I am going to need announcers to use their white-people words when talking about Venus Williams’ domination in tennis. Sure, Venus and Serena have been at the top of the tennis world for 20 years, so describing their game and the way they annihilate their opponents shouldn’t be new to announcers. Alas, an assclown still can’t find the right words.
Venus Williams, 36, and ranked No. 17 in the world, was destroying Switzerland’s Stefanie Voegele during the Australian Open on Wednesday when ESPN commentator Doug Alder began explaining how Williams was moving in to attack Voegele’s second serve.
“She misses a first serve and Venus is all over her,” Alder said. So far, so good.
Then this: “You see Venus move in and put the gorilla effect on. Charging.”
Um ... super confused here. Let’s assume for the sake of argument that Alder uses racially charged descriptors in a sports context; then what the fuck is the gorilla effect? No, seriously. All obvious intended and unintended racism aside, what does the “gorilla effect” even mean?
I’m no sportscaster, but if any sportscaster would like to explain what the hell that means, I’m @SACrockettJr on Twitter. Tweet me or leave it in the comments. Even gorillas, wild gorillas, are offended by this comment because they don’t want to be spoken of in a context that doesn’t describe them. Just talked with a wild gorilla and he said, and I quote, “We don’t have an ‘effect’ other than being dope, so that man is racist.”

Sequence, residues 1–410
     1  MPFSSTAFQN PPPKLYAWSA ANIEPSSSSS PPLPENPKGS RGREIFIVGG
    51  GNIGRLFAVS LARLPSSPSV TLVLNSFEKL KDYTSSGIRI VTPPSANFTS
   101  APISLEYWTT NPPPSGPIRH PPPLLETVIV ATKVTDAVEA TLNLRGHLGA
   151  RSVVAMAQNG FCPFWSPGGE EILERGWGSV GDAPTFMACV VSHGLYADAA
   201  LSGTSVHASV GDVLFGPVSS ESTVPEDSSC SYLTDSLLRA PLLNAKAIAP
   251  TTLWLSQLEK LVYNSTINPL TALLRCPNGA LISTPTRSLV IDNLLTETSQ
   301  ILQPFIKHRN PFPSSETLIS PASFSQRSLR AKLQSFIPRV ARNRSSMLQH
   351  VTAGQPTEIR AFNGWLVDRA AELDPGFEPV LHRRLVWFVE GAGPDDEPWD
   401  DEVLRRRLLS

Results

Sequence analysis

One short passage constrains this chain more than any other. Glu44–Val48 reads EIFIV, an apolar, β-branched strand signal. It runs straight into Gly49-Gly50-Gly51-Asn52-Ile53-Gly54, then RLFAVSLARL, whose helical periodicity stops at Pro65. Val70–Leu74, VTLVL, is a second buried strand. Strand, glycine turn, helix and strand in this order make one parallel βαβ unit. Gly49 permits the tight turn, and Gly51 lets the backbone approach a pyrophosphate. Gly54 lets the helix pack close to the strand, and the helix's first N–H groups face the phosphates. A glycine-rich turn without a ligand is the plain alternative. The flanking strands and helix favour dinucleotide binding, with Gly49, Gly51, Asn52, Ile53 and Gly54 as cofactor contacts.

Now, let’s assume the asshat announcer was really trying to say that Williams was using Voegele’s soft second serve to attack her opponent. Here’s where things take the racist-y turn. Why do black women conjure images of gorillas? And why do the Williams sisters always have to deal with this? Why can’t they just be the awesome tennis stars that they are? Surely, Angelique Kerber, Agnieszka Radwanska and Simona Halep would never be described as such.
Doug Alder created the “gorilla effect,” and while I don’t know what it is, I hope that ESPN uses the “gorilla effect” when they come for his job.